WM: How would you characterize your own contributions to the investment business?

RA: One is global asset allocation, helping to create a disciplined framework for thinking about managing asset allocation and shifting it according to changing situations in world markets. Also, contributing to understanding the important impact of taxes on investment outcomes. 

In addition, I’m proud of my role in developing fundamental indexation and helping to launch the smart-beta revolution. I’m dismayed that the smart-beta label has been stretched to encompass practically everything, which means the term now means practically nothing.

The common thread is a willingness to trade against fads, a willingness not to chase performance. Performance chasing is arguably the single-largest cause of tears in the investment arena. We’re all addicted to it. But in investing, the profitable choice is often to do the opposite. Helping to create the discipline to get people to do the opposite ends up being powerful. I think a lot of my work has been built around that.

WM: But isn’t performance chasing deeply ingrained? It's the way our brains are wired. 

RA: Yes, it’s human nature to chase performance. We didn’t survive the African wild by running toward lions. But in the investment world, what looks like a lion is something that’s done mauling investors and is now an interesting investment opportunity. 

It gets back to Warren Buffett’s adage: Succeeding in investing is a matter of being fearful when others are greedy and greedy when others are fearful. That simple truism is remarkably powerful.

That doesn’t give you insight into turning points. If you take something that’s given you great profit and say, thanks for the gains [and then sell it], you will likely look like an idiot for a while. It’s worse on the downside. Whatever is creating the losses, you’re saying, "That’s fun, let me have more of it." It makes you look like a fool and makes your clients frightened.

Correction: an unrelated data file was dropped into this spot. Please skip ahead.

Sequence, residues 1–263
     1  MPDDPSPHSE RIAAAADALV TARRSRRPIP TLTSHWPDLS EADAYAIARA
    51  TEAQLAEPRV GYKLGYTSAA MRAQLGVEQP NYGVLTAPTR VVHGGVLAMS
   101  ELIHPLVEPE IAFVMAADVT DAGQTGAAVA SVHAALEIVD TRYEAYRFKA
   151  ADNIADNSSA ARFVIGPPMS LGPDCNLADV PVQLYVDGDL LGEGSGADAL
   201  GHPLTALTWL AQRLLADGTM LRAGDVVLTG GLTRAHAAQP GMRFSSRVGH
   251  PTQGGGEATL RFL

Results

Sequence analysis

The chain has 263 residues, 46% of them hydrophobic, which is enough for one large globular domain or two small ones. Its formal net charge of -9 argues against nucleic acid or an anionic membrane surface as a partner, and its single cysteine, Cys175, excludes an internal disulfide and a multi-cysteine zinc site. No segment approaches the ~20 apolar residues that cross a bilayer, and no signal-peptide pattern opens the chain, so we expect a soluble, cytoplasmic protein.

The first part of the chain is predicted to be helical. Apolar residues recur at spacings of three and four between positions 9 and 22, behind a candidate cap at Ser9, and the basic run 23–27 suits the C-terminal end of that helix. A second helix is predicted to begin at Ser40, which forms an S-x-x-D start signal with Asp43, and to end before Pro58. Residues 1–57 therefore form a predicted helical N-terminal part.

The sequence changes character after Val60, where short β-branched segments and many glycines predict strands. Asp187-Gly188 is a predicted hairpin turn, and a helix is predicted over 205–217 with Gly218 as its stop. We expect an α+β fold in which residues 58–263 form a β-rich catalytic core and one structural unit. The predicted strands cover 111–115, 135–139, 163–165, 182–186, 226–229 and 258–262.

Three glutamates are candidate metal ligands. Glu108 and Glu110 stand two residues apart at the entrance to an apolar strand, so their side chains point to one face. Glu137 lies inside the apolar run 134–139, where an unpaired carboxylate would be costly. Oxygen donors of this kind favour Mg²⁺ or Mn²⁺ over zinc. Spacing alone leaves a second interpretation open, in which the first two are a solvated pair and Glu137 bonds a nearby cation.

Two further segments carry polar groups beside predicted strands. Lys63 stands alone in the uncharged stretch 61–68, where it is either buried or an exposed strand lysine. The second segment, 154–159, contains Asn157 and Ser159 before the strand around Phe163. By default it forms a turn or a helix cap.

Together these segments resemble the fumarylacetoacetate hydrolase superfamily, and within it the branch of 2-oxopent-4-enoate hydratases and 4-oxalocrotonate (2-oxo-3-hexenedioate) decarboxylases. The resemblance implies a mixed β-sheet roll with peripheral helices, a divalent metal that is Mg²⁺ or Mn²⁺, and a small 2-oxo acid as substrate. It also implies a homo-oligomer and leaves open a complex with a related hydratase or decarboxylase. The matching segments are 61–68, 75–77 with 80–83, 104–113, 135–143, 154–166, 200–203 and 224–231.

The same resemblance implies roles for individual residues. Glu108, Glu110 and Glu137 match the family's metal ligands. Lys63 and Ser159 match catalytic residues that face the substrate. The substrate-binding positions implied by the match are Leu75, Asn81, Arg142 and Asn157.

You have to have the courage if it gets cheaper to say, "Give me more." The only way to ensure maximum exposure is to buy all the way down. You look like a fool until you look like a genius. That’s the challenge of contrarian investing. You can’t get peaks and troughs right without a crystal ball. 

WM: Can you give some real-world examples?

RA: Today the U.S. stock market is self-evidently expensive. Is it time to sell? I have no idea. I own essentially zero in U.S. stock. I’m OK with missing the top. Based on 10-year trailing earnings, the U.S. market has a price-earnings ratio of 30, compared with 15 for Europe and 13 for emerging markets. Other markets are more attractive.

WM: What's the role for financial advisors?

RA: Financial advisors are often criticized for not adding value for their clients—that they often do no better than passing along a 60-40 portfolio. That’s unfair. The typical retail investor, without the help of a financial advisor, often won’t have the courage to stay the course through a period of adversity, even with a static 60-40 mix. 

If financial advisors accomplish just one thing—to give clients the courage to stay the course, to not sell at the bottom, and not buy more of the hot sector at the top—they’ve accomplished something of great value and should be proud of it.

TAGS: Equities